4. if in private practice, inform his Client of the conditions of engagement and scale of charges and agree that these conditions shall be the basis of the appointment, 5. not sub-commission to another Architect or Architects the work for which he has been commissioned without prior agreement of his Client, 6. not give or take discounts, commissions, gifts or other inducements for the introduction of Clients or of work, 7. act with fairness and impartiality when administering a building contract, 8. maintain a high standard of integrity, 9. promote the advancement of Architecture, standards of Architectural education, research, training and practice, 10. conduct himself in a manner which is not derogatory to his professional character, nor likely to lessen the confidence of the public in the profession, nor bring Architects into disrepute, 11. compete fairly with other Architects, 12. observe and uphold the Council's conditions of engagement and scale of charges, 13. not supplant or attempt to supplant another Architect, 14. not prepare designs in competition with other Architects for a Client without payment or for a reduced fee (except in a competition conducted in accordance with the Architectural competition guidelines approved by the Council), 15. not attempt to obtain, offer to undertake or accept a commission for which he knows another Architect has been selected or employed until he has evidence that the selection, employment or agreement has been terminated and he has given the previous Architect written notice that he is so doing : a. provided that in the preliminary stages of works, the Client may consult, in order to select the Architect, as many Architects as he wants, provided he makes payment of charges to each of the Architects so consulted, 16. comply with Council's guidelines for Architectural competitions and inform the Council of his appointment as assessor for an Architectural competition, 17. when working in other countries, observe the requirements of codes of conduct applicable to the place where he is working, 18. not have or take as partner in his firm any person who is disqualified for registration by reason of the fact that his name has been removed from the Register under Section 29 or 30 of the Architects Act, 1972, 19. provide their employees with suitable working environment, compensate them fairly and facilitate their professional development, 20. recognize and respect the professional contribution of his employees, 21. provide their associates with suitable working environment, compensate them fairly and facilitate their professional development, 22. recognize and respect the professional contribution of his associates, 23. recognize and respect the professional contribution of the consultants,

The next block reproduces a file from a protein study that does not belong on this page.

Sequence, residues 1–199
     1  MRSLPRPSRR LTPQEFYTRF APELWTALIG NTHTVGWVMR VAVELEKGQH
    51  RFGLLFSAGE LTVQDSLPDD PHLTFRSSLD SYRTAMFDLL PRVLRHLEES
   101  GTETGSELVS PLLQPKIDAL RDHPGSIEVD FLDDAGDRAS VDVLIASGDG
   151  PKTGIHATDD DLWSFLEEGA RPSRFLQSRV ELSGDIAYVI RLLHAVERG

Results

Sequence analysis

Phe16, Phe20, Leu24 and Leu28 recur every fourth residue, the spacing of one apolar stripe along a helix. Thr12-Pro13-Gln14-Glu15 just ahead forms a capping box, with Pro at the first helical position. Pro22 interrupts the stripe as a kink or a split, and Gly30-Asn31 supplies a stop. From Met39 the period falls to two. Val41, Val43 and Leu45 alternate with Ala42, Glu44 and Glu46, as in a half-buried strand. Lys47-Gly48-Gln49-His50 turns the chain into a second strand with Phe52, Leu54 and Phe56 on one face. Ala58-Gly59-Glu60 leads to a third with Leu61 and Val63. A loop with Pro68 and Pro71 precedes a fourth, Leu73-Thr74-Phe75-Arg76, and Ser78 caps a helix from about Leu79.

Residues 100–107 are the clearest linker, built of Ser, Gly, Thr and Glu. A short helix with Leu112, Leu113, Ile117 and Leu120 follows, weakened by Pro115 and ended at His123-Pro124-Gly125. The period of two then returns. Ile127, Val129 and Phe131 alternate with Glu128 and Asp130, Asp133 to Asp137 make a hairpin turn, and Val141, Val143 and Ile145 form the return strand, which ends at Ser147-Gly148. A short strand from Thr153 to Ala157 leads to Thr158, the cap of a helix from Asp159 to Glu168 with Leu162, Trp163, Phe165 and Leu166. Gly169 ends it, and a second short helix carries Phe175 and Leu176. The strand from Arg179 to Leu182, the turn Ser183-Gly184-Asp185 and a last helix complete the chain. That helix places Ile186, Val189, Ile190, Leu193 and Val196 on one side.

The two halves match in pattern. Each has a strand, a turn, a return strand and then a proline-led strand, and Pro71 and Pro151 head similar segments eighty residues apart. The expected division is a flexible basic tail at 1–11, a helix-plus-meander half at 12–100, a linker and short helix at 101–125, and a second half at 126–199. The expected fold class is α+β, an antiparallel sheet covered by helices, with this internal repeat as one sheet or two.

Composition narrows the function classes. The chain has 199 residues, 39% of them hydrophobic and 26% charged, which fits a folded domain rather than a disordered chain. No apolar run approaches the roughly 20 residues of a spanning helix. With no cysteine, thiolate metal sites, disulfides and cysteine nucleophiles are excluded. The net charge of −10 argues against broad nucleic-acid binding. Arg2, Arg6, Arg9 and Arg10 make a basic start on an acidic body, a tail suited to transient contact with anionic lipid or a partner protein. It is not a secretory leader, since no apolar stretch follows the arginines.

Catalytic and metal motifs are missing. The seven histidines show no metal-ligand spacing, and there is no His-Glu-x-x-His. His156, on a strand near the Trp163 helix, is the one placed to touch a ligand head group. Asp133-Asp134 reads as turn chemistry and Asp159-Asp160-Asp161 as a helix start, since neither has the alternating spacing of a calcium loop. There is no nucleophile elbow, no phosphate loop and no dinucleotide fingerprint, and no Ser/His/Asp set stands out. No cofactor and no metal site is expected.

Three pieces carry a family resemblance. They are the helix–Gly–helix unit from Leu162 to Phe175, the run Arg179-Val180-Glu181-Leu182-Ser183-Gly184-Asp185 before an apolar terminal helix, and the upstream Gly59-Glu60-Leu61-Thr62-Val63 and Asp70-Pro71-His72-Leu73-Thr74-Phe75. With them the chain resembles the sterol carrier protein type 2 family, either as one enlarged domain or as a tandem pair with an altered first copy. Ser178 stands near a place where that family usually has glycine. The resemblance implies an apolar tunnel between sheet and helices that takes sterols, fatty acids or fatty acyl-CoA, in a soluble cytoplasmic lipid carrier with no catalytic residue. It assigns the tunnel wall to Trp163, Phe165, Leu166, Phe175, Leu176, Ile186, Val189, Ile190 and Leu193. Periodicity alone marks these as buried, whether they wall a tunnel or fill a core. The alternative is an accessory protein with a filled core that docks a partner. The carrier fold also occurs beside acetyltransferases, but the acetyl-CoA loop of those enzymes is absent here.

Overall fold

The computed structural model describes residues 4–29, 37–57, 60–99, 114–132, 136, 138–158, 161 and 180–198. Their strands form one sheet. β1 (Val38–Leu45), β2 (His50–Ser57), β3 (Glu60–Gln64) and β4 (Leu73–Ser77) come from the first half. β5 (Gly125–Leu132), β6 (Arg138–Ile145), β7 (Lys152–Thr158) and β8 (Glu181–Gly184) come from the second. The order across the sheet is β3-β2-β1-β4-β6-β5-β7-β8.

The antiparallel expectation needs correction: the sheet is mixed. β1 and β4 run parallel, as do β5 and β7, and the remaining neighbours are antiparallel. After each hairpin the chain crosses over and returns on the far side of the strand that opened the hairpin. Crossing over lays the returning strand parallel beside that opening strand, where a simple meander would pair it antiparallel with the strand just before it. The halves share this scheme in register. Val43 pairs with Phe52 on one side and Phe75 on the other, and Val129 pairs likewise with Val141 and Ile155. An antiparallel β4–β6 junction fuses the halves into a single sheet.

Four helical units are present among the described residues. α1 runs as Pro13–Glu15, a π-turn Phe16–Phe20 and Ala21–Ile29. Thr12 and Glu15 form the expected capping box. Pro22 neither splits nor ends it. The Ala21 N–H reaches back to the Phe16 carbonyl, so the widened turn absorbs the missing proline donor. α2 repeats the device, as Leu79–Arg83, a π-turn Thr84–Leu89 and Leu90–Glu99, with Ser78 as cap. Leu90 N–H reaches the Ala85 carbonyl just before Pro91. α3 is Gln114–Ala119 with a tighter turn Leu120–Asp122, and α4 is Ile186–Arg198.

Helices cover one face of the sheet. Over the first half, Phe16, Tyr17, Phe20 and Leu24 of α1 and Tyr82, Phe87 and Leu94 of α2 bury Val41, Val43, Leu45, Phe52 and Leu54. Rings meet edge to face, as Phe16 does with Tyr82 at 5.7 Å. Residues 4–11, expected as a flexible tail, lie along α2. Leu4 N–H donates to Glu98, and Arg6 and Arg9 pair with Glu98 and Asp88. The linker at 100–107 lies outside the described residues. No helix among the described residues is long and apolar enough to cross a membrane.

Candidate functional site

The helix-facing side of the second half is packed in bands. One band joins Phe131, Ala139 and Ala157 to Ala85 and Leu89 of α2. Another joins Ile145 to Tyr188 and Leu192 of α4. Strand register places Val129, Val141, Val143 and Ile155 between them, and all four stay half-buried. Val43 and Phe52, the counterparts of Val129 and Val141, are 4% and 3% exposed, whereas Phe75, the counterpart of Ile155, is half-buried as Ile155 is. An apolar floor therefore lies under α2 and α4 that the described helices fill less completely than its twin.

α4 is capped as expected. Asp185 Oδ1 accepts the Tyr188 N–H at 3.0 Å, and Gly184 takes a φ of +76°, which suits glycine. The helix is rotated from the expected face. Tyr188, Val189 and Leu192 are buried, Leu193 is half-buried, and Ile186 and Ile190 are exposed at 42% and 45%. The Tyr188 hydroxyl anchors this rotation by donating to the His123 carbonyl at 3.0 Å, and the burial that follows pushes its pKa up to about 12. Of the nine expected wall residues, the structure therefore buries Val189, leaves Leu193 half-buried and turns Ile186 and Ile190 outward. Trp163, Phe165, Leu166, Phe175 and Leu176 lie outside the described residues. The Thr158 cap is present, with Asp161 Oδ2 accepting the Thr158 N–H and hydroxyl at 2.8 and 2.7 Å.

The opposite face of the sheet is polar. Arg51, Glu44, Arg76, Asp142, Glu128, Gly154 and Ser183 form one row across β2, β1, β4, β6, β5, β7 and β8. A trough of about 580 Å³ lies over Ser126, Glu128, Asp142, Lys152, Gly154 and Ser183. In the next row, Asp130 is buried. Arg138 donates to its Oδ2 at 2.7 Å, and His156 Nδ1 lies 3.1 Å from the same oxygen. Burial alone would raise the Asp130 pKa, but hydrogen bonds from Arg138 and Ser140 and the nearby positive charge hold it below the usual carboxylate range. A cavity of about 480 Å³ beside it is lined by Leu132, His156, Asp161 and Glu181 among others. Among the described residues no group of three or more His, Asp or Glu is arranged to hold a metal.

24. enter into agreement with them defining their scope of work, responsibilities, functions, fees and mode of payment, 25. shall not advertise his professional services nor shall he allow his name to be included in advertisement or to be used for publicity purposes save the following exceptions :a. a notice of change of address may be published on three occasions and correspondents may be informed by post, b. an Architect may exhibit his name outside his office and on a building, either under construction or completed, for which he is or was an Architect, provided the lettering does not exceed 10 cm. in height c. advertisements including the name and address of an Architect may be published in connection with calling of tenders, staff requirements and similar matters d. may allow his name to be associated with illustrations and descriptions of his work in the press or other public media but he shall not give or accept any consideration for such appearances e. may allow his name to appear in advertisements inserted in the press by suppliers or manufacturers of materials used in a building he has designed, provided his name is included in an unostentatious manner and he does not accept any consideration for its use, f. may allow his name to appear in brochure prepared by Clients for the purpose of advertising or promoting projects for which he has been commissioned g. may produce or publish brochures, pamphlets describing his experience and capabilities for distribution to those potential Clients whom he can identify by name and position, h. may allow his name to appear in the classified columns of the trade / professional directory and/or telephone directory/ website. The most common lllegal practices are the submission of false drawings to the government and the negligence to follow building by-laws. Some examples are given below